"Our knowledge of globalizing theology is critical because we continue to take students to the majority world on short term missions, and we invite them to be agents of the kingdom of God in their own context. . . . There should be lively days ahead if theologians around the world engage one another as proposed by this book."--Ron Marrs, Journal of Youth Ministry

"This collection . . . will certainly help both missiologists and systematic theologians to exchange rather than to remain aloof from one another. . . . Students of systematic theology must read this work. . . . Instructors could easily use a particular paper for a class discussion or reading assignment."--J. C. Whytock, Haddington House Journal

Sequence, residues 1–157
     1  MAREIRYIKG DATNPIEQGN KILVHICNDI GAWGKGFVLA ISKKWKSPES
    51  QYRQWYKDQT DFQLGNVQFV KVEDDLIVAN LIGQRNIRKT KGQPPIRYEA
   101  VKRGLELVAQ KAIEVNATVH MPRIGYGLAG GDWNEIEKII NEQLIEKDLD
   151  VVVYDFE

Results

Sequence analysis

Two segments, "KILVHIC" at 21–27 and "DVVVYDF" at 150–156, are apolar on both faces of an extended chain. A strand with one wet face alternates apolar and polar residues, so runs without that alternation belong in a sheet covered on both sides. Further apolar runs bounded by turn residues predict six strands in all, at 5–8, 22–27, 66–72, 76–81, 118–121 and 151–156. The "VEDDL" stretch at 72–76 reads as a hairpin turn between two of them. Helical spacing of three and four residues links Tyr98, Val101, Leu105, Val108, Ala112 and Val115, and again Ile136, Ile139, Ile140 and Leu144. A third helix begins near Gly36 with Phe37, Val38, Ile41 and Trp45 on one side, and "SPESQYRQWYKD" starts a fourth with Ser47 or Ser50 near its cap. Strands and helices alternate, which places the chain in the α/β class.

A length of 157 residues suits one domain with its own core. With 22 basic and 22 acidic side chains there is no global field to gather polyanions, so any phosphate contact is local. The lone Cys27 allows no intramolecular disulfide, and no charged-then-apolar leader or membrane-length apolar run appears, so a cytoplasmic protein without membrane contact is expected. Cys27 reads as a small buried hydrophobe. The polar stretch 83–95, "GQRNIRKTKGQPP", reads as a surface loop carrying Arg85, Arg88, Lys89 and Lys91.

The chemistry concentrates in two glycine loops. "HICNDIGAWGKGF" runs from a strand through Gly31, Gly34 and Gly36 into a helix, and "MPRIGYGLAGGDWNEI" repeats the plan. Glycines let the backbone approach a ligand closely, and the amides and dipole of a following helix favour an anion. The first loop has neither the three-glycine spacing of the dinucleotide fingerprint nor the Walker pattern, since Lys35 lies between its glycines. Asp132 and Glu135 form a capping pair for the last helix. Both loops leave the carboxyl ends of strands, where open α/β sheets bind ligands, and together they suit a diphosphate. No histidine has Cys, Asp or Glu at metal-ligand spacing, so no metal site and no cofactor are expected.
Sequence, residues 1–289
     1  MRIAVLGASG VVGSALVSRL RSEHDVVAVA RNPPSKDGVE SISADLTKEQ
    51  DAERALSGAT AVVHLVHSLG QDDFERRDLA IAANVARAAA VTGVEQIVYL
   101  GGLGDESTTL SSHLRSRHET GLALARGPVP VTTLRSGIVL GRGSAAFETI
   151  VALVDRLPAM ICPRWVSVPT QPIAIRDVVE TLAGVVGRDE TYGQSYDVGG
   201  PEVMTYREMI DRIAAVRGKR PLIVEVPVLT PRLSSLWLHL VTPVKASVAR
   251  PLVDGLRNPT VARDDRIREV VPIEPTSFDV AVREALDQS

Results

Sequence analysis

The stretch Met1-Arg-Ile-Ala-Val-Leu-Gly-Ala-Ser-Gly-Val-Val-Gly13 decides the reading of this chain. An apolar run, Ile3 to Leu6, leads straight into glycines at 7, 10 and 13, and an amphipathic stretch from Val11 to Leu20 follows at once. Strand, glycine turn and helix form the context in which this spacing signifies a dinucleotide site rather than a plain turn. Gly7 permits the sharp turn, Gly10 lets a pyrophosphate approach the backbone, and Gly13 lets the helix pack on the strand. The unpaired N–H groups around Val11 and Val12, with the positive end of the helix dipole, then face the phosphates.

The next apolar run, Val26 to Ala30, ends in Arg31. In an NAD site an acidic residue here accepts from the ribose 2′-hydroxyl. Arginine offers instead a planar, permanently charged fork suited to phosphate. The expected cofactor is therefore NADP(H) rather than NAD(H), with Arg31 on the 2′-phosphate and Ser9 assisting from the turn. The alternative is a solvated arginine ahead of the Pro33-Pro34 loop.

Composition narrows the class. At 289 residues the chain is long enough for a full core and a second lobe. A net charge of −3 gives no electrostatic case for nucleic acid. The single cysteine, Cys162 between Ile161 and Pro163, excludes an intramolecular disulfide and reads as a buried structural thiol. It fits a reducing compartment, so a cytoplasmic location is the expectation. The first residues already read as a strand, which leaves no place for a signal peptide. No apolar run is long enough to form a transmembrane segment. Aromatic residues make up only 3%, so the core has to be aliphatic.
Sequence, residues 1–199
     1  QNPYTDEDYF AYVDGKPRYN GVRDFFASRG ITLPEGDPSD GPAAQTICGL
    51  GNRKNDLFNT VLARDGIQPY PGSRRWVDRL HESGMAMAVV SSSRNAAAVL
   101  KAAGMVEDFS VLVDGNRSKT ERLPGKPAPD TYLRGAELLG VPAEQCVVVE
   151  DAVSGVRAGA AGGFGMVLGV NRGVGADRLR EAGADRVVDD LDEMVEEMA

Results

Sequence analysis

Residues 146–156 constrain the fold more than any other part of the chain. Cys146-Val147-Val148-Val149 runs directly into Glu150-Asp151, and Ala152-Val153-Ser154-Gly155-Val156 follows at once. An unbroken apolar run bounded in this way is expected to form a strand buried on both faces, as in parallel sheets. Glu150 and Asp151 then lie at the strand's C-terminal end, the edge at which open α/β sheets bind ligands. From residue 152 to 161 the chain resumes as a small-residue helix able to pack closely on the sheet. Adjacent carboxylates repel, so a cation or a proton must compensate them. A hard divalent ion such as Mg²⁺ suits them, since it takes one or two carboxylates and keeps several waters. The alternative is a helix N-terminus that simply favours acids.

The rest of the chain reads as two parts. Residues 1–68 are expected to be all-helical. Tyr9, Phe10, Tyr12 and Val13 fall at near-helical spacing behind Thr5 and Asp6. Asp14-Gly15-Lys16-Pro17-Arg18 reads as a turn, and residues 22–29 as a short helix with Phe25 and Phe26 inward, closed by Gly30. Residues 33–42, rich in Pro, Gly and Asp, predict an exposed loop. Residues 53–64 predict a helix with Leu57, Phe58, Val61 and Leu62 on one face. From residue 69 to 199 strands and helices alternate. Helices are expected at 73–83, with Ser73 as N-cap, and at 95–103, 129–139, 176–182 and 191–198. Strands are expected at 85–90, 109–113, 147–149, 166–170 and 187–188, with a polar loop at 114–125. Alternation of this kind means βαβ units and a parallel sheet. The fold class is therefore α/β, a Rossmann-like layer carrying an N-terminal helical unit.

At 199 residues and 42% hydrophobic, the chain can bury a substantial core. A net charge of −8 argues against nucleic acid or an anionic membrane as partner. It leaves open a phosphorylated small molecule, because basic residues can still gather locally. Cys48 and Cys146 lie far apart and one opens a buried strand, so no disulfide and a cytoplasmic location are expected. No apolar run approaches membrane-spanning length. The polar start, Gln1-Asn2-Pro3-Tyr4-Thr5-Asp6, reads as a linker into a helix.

"None of the contributors write in ivory-tower isolation but out of experience. Some express hard but not unfair critique of the continuing tendency towards theological hegemony by Northern America (and Europe) in the globalizing world. It is much appreciated that the essays refer to each other, which encourages further reading. The book illustrates that theology is supposed to be an ongoing process in which Christian communities throughout the whole world participate. . . . The contributors have rich cross-cultural experience. This volume is . . . unique in its richness of relevant insights, thoughts, critique, reflections and practical contributions concerning theology in a globalizing world. It is an essential book for everyone involved or interested in any theological work, anywhere, today."--Sabine Muri, Transformation